Still, most political observers believed that Fraser’s strong base of support among Twin Cities liberals would win him the nomination at the Sept. 12 primary. On election night, early returns from the metropolitan area showed Fraser well ahead of his challenger. By 3 a.m., with 83 percent of the vote counted, Fraser led Short by 50 percent to 45 percent, and the St. Paul Pioneer Press declared Fraser the winner. But the paper had gone to press before the late returns from Northern Minnesota started to arrive. As they came in, Fraser’s lead began to erode. By 6:45 a.m., Short had pulled even with Fraser. When all the votes were counted later that morning, Short had eked out a slight lead, due to a massive outpouring of support from the 8th District.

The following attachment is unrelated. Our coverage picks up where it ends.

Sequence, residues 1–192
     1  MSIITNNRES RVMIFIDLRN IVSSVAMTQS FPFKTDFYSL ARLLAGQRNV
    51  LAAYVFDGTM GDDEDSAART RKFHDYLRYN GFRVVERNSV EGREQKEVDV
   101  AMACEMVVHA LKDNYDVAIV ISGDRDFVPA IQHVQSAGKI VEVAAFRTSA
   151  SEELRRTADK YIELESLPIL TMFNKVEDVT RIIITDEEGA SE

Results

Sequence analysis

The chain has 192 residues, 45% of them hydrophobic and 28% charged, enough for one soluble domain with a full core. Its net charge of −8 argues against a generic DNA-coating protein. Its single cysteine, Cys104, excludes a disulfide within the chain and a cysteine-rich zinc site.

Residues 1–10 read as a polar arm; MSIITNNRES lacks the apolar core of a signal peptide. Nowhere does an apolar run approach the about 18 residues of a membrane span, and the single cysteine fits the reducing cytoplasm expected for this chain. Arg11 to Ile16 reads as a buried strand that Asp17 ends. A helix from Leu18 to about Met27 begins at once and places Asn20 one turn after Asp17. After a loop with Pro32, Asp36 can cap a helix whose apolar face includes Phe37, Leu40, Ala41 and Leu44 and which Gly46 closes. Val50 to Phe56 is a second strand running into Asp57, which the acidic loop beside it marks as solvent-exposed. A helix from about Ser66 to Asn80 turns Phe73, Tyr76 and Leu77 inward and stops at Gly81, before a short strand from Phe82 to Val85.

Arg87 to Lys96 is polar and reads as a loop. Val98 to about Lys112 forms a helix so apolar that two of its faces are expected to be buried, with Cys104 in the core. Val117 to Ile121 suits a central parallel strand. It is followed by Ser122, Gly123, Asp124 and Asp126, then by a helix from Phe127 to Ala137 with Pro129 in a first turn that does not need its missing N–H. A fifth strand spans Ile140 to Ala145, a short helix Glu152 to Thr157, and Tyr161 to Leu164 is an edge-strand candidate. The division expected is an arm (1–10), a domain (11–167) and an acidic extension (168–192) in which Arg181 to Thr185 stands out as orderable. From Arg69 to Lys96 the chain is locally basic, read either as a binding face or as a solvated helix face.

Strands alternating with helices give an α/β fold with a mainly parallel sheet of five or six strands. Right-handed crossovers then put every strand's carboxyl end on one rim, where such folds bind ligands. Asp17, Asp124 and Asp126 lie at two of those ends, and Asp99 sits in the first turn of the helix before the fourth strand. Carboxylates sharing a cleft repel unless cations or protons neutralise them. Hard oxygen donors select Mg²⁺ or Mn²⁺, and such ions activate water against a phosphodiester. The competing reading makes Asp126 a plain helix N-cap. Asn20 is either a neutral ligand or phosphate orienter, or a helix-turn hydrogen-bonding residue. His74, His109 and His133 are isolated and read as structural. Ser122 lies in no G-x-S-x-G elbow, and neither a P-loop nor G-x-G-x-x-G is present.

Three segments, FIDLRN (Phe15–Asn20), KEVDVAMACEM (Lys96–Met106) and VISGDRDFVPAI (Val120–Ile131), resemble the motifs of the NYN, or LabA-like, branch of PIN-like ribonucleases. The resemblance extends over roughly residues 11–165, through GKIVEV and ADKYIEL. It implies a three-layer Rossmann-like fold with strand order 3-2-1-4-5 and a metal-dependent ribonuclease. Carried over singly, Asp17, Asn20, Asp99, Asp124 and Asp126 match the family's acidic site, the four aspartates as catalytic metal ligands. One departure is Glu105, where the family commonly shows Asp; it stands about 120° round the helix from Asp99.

Short would go on to lose the November general election to Republican David Durenberger in what came to be known as the “massacre” of 1978. That year, Republicans would win the governor’s office when Al Quie defeated Rudy Perpich. They would also gain another key statewide office when Rudy Boschwitz ousted Minnesota’s second U.S. senator, former Gov. Wendell Anderson. The defeated Anderson had arranged to have himself appointed to the seat held by Walter Mondale when Mondale became Jimmy Carter’s vice president in 1976.
Fraser would rebound and get elected mayor of Minneapolis in 1979, but Short had succeeded in driving a wedge into the DFL base just as a conservative wave started to roll through the country. In 1980, that wave would carry Ronald Reagan to the White House. Soon the term “Reagan Democrat” would join the political lexicon.
Iric Nathanson was an aide to Rep. Don Fraser in 1978.